Paying the Debt

Do we need forgiveness?

By now, we’ve already established the sheer magnitude of the problem of sin—both Biblically and psychologically. The question we might be faced with is why we can’t simply overlook it. Move past it. Get over it. After all, if even the Bible emphasizes that we’re all sinners, can’t we just accept this truth and move on?

Thing is, there are some things in life we just can’t move past—nor should we, really. A friend of mine told me the story of why he and his fiancée ended things. He’d been away on business—the ministry, actually—and didn’t see her for a few months. When he returned, he discovered that she’d moved into the apartment of another man. Their relationship was over. He was devastated.

More significantly, though, he was left with something psychologists occasionally call “emotional debt.” He still loved her. The relationship had ended with the abruptness of a car wreck, but the sheer momentum of his love was propelling his heart forward even now, scraped raw against the tarmac. But his fiancée, well…she had already moved on. She wasn’t hurting—at least not as bad as he was. So all—all—of the hurt, all of the betrayal, all of the sudden raw loneliness lay on his shoulders to carry. This was a tremendous debt.

What do we usually do when we experience this? We try and manage that debt by spreading it around. We talk badly about that person. We “warn” others about them—though this is usually just a form of gossip. We let ourselves stew and fester over the past. We fantasize about their downfall—or, alternately, we fantasize about surpassing that person’s success, and inciting their jealousy.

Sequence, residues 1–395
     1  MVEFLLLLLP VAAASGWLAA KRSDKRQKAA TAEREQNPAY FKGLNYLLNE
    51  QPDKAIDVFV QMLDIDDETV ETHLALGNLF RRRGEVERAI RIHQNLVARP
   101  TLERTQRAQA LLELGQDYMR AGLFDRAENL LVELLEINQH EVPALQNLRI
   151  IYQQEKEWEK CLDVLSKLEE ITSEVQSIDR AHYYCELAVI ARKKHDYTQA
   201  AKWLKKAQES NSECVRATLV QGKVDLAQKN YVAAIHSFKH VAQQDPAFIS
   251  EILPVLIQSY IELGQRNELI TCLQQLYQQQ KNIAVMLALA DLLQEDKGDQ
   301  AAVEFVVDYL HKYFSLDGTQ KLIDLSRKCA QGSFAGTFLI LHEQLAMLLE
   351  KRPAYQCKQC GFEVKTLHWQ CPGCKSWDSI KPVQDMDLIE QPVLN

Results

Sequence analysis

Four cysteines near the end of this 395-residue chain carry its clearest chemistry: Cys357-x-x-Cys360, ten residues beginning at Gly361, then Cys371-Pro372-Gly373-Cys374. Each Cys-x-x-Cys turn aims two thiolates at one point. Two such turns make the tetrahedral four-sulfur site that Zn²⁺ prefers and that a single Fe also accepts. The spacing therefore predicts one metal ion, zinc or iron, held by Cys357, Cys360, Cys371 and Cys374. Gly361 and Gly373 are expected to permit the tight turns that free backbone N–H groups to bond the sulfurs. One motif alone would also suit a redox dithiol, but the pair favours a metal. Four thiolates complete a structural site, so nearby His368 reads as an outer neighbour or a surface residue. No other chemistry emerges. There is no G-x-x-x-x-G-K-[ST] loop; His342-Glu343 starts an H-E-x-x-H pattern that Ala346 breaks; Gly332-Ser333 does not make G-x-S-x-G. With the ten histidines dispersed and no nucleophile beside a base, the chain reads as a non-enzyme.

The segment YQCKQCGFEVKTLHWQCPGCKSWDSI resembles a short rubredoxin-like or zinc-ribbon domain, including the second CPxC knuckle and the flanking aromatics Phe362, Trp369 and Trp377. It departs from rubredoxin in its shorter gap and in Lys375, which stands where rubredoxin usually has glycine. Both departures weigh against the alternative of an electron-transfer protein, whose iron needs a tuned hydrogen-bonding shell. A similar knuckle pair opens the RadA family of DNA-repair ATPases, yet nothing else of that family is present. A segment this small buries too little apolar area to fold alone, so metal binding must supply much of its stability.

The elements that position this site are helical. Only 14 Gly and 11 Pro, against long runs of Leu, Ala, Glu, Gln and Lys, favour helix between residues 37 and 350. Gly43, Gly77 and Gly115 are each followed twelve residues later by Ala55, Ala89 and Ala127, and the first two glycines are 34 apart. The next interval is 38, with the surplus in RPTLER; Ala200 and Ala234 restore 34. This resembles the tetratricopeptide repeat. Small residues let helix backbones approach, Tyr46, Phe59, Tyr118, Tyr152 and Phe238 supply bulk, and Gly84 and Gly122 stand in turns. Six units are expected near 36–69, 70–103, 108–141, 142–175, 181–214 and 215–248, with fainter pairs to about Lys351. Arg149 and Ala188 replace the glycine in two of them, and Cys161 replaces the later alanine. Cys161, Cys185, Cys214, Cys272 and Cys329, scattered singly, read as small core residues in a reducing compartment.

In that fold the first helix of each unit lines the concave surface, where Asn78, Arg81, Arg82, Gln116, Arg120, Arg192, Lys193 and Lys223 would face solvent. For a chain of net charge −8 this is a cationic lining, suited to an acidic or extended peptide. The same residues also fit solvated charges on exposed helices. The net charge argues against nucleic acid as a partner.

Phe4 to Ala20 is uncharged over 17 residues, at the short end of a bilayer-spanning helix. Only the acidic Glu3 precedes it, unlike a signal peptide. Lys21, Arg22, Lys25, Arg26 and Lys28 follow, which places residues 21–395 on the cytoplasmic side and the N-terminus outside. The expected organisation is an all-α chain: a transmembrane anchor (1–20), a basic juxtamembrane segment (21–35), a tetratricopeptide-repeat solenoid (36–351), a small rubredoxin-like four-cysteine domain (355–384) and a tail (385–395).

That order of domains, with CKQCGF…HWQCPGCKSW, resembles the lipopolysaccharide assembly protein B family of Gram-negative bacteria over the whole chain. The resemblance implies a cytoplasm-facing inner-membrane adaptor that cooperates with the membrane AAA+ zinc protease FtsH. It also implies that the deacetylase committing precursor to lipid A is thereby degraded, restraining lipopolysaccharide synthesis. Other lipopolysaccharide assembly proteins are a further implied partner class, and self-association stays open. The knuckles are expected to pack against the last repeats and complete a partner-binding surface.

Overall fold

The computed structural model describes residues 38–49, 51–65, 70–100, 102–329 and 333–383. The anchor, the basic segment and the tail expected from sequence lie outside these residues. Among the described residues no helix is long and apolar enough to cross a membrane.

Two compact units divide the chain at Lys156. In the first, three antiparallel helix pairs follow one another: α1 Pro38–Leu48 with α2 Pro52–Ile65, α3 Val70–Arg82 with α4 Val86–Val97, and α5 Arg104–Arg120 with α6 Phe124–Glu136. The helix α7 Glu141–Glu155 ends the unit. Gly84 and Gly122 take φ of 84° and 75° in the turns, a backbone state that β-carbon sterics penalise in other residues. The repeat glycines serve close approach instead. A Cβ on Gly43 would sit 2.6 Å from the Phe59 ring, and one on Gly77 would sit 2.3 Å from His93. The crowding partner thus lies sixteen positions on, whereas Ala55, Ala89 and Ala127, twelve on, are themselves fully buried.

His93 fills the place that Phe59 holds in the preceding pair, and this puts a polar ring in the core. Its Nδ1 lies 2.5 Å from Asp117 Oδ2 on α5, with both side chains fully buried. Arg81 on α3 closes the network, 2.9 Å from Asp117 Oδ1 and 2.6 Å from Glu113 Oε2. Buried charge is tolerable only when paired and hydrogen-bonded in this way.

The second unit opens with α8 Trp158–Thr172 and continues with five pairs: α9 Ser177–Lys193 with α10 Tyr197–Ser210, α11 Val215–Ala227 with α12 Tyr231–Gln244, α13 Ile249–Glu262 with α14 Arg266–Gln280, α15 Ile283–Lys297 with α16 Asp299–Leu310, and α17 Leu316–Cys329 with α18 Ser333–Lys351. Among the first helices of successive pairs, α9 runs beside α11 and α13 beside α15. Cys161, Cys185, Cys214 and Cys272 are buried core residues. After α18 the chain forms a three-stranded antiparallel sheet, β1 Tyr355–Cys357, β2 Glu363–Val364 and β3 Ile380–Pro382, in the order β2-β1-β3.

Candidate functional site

So what happens if we don’t do those things? Then that emotional debt is ours and ours alone to carry.

And that hurts.

Now what if we were the ones who did the offending? And what if the person we offended was not just another sinner like us, but the infinitely good and righteous character of God himself? I’m cautious not to start applying terms like “emotional debt” to an infinite God (as if we God fits into our psychological categories), though there are plenty of places in Scripture when God’s grief comes welling up like a rejected lover thumbing through a tear-stained wedding album.

“I have fond memories of you…how devoted you were to me in your early years.  I remember how you loved me like a new bride; you followed me through the wilderness, through a land that had never been planted.  What fault could your ancestors have possibly found in me that they strayed so far from me?” (Jeremiah 2:2-5, NET)

If there is to be true justice, if there is to be a sense of wrongs being put right, then this debt must be paid.

The Bible describes this in the language of something called “atonement.” Atonement is the finished work of a blood sacrifice. What does it mean to “atone?” Eugene Merrill of Dallas Seminary does a wonderful job of helping us examine the deeply-storied meaning of the Hebrew word kaphar. Merrill says that if we dig through the related words in Akkadian and other ancient languages (similar to how we might look at Latin roots of English words in the dictionary), we find a lot of language that emphasizes not merely covering over sin, but blotting it out entirely. Wiping it clean.